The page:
A wave of new laws and regulations is forcing company boards to re-examine their compliance strategies, says a...
cross-industry security think tank.
Organisations have to get much more serious about compliance, according to the Security for Business Innovation Council, run by RSA, the security division of EMC.
Companies are facing greater enforcement, the global spread of data breach notification laws, increasingly prescriptive regulations, and growing business partner requirements, the council said in its latest report.
The report outlines a landscape in which highly-motivated legislators are escalating information protection mandates due to a steady stream of massive data breaches.
Enforcement of existing regulations is being tightened through expanded powers, higher penalties and harsh enforcement actions.
Organisations in Europe are facing the upcoming overhaul to the EU Data Protection Directive, which is expected to include increased enforcement and breach notification.
In future, it will be impossible to hide information security failings as legislators force transparency and data breach disclosure becomes a global principle, said Art Coviello, president of RSA.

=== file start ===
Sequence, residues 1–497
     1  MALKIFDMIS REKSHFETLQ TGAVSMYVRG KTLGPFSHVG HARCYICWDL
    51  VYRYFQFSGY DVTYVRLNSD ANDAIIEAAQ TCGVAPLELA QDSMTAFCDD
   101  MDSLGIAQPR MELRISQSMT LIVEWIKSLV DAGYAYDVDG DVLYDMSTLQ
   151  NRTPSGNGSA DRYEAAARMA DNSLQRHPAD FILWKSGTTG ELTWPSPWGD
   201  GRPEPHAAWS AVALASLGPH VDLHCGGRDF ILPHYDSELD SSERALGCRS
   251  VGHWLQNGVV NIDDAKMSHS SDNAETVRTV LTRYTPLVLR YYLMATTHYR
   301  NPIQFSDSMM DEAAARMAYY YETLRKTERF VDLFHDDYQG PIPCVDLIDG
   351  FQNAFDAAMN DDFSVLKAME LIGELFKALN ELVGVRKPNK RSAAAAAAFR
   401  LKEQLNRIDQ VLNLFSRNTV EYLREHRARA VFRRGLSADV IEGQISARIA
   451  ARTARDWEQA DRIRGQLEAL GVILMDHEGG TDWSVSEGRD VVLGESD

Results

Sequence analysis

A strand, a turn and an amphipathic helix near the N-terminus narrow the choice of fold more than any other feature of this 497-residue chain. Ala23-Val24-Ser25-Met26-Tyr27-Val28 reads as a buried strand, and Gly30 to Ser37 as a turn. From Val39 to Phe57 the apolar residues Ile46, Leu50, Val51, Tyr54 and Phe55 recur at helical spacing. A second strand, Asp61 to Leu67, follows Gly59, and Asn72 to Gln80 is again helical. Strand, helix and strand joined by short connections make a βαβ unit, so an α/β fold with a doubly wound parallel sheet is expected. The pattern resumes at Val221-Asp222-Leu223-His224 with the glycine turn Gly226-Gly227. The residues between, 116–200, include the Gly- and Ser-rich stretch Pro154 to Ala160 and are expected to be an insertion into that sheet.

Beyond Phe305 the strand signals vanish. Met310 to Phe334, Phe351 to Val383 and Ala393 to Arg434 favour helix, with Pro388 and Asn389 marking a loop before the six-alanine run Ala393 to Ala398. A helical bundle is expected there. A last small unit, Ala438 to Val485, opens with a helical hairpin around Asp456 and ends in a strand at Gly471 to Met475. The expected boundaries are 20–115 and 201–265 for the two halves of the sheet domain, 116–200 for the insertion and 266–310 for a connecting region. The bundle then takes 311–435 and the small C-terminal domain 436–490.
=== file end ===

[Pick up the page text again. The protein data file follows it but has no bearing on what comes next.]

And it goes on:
Regulators are moving away from light-touch to more interventionist regulation, said Stewart Room, partner at law firm Field Fisher Waterhouse and contributor to the report.
He predicts a continuing trend towards more frequent regulatory intervention and more litigation relating to data protection.
The new era of compliance ratchets up the challenges facing information security teams, the council said.
The report includes recommendations to help organisations meet the demands of the new compliance landscape.
The council's recommendations for compliance
• Embrace risk-based compliance: Build an effective enterprise program that provides everyone in the chain with all the information needed to make risk decisions.
• Establish an enterprise controls framework: Create a consistent set of controls across your enterprise that is mapped to regulatory requirements and business needs.
• Set your threshold for controls: Determine the "right" level of security controls and gauge the prevailing industry standard to meet the legal requirement.
• Streamline and automate compliance processes: Establish an enterprise governance, risk and compliance strategy.
• Fortify third-party risk management: Move away from "boilerplate" security agreements and toward comprehensive third-party strategies.
• Unify the compliance and business agendas: Develop the organisational structure to embed compliance into the business and align it with the organisation's goals.
• Educate and influence regulators and standards bodies: Educate legislators and constructively affect regulation to avoid overly prescriptive rules.